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Our Times 3

Europe

  • Michael Spourdalakis on Leo Panitch, Syriza, and challenges for the Greek Left

    In December of last year, COVID-19 took the life of one of Canada’s most widely respected public intellectuals, Leo Panitch. Leo was a researcher, teacher and author whose work had a profound impact on the thinking of democratic socialists around the world. One of the countries in which Leo took a passionate interest, and in which he exercised considerable influence among leftists, was Greece.

  • Is Russia waking up?

    For more than a decade, the Russian economic and political system has ceased to develop. Most of the population is barely surviving. We need to prepare ourselves for a transformation, to set to work wherever we find people who are ready for constructive joint action in the trade unions, in organizations of teachers and medical staff, in social movements. This is what we, the members of the Russian left, are seeking to do.

  • Nord Stream 2 pipeline—a saga of intrusion

    The saga of US actions against the Nord Stream 2 pipeline project—a system of offshore natural gas pipelines running under the Baltic Sea from Russia to Germany—reads like a John le Carré novel. In spite of the desire of Germany and other European allies to have it built and even though it is nearly completed, the US persists in thwarting the project. Canada is also against it. Why?

  • Understanding Alexei Navalny

    Alexei Navalny’s courage and tenacity, as well as his tactical skill, cannot be doubted. But a large majority of Russians do not see him as a credible alternative. Although Russians are far from enamoured with the present regime, in the traditional Russian fashion, based on historical memory, they fear what might come to replace it. And they do not have to look far to see the altogether dubious results of populist movements in the former Soviet Union.

  • Stumbling toward peace in Donbass

    Despite Canada’s long-standing support for the Ukrainian army, there has been almost no coverage of recent peace talks in the war-ravaged Donbass. More concerningly, few have analyzed the implications of stalled progress towards ending the civil war, even as the Trudeau government continues to fund a military mission in an active conflict most have all but forgotten.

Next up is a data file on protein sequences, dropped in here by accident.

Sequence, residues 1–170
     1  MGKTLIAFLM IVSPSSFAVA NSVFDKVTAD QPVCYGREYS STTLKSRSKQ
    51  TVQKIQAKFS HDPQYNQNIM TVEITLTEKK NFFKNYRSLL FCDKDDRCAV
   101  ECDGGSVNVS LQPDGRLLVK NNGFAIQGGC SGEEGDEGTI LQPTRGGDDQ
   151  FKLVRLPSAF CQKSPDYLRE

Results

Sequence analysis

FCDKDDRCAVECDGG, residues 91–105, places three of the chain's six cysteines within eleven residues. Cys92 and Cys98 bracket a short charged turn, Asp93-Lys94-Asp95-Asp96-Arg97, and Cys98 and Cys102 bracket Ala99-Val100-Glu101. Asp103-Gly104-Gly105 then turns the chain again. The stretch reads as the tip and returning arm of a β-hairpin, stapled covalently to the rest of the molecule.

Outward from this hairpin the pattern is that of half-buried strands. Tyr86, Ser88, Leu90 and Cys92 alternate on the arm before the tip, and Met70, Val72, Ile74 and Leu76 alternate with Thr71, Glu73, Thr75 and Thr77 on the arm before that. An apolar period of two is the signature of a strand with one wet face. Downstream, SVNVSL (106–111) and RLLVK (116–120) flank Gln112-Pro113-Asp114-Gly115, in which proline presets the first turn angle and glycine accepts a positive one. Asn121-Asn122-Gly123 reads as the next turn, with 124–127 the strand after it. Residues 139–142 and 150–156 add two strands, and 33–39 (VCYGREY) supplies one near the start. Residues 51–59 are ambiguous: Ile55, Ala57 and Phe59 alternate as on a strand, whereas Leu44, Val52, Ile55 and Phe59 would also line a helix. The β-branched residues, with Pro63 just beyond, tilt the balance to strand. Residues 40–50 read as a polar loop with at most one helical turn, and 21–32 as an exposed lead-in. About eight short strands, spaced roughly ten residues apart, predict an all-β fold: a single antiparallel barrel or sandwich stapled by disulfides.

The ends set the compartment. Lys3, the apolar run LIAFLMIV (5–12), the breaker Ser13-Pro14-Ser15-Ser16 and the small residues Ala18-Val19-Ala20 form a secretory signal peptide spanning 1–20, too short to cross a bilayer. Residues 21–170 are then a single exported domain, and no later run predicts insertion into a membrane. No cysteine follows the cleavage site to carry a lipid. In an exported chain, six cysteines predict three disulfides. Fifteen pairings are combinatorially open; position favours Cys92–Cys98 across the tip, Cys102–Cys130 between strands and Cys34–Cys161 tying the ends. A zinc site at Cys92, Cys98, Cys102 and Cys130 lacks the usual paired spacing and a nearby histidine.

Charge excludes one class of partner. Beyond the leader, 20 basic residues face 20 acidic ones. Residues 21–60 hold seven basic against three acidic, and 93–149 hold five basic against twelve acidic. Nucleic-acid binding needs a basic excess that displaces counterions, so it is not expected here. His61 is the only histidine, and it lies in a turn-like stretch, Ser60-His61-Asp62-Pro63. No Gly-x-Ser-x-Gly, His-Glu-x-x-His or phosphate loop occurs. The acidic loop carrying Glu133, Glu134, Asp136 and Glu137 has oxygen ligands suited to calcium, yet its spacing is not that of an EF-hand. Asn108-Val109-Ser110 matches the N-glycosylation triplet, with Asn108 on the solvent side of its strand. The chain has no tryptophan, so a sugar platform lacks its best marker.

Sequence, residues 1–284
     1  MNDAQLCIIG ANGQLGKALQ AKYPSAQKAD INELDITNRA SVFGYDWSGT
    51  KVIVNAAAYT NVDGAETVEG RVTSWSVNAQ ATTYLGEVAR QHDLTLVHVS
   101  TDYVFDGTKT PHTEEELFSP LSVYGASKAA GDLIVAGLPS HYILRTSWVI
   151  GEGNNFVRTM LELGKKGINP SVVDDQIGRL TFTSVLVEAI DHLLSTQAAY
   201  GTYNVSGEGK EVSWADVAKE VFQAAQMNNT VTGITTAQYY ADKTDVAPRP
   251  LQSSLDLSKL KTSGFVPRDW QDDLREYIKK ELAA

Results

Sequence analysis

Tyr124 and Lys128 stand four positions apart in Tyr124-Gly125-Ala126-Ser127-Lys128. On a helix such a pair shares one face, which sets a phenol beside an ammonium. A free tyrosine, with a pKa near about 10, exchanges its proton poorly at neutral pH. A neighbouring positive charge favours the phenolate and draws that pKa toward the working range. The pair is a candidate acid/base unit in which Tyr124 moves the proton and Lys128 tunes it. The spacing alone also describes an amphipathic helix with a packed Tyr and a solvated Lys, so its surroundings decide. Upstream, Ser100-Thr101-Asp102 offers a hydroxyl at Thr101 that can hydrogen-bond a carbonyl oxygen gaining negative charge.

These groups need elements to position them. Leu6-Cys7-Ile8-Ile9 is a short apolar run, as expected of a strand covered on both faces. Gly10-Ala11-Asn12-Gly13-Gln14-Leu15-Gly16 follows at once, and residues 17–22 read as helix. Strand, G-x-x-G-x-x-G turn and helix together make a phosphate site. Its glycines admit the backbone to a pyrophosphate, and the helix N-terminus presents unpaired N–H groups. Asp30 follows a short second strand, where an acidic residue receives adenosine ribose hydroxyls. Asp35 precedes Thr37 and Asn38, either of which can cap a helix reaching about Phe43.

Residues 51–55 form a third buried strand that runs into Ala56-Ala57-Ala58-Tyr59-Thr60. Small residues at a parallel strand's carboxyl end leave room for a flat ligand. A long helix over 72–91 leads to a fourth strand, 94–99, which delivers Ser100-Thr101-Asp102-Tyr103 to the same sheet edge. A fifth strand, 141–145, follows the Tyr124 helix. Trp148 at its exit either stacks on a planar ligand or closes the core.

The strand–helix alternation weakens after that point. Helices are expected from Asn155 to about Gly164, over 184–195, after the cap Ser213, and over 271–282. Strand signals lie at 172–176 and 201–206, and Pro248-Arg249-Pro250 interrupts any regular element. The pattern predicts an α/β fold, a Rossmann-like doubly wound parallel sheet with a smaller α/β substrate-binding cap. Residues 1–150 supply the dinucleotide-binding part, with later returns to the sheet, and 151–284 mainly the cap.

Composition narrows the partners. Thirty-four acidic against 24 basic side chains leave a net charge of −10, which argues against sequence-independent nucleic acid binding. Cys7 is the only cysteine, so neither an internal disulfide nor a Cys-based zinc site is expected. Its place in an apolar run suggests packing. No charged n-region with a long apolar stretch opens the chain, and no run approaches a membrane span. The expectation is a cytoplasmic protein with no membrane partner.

• The right wing checkpoint for Canada’s intervention in Ukraine

    Canada’s policy of providing Ukraine military aid has been disproportionately shaped by both Ukrainian far-right nationalism and the domestic right-wing lobby in Canada. The far-right in Ukraine holds a degree of military power and a corresponding threat of violence that surpasses that of other comparable European ultranationalist organizations.

  • UK Labour Party’s leadership race a test of strength for grassroots democratic socialism

    In a field of relatively underwhelming candidates, the best possible outcome appears to be a Long-Bailey victory. Though far from ideal, Long-Bailey is at least the best chance the left has of keeping anti-austerity and a radical green industrial strategy in mainstream conversation, and holding the line against those who would use the U.K. election results to silence grassroots democratic socialist movements everywhere.

  • Manufactured ignorance about the Ukrainian-Canadian left

    Blowing off the fog of ignorance that now hides the history of the Ukrainian-Canadian left would help to dismantle a problematic conservative consensus. It would throw light on the Ukrainian left’s historic and ultimately unsuccessful efforts to put into practice a progressive form of nationalism, one that protects the independence of distinct cultural groups within a shared democratic space.

  • Why Labour lost in Britain

    Corbyn had the best policies of anyone in my lifetime who was leader of major western country party. There is no evidence that Corbyn’s policies were unpopular, they poll fine, the issue is that the election wasn’t fought on his policies, it was fought on Brexit and whether or not a man who spent his entire life fighting racism was a racist.

  • Big Capital will use every tool at its disposal to crush socialists like Corbyn

    The Labour Party’s election failure in the UK proves that, for the progressive left to succeed, it will have to become considerably more revolutionary. The ‘softly, softly’ approach isn’t working. Since, in some sense, the election was about Brexit, the first thing that strikes the eye is the asymmetry in the position of the two big parties.

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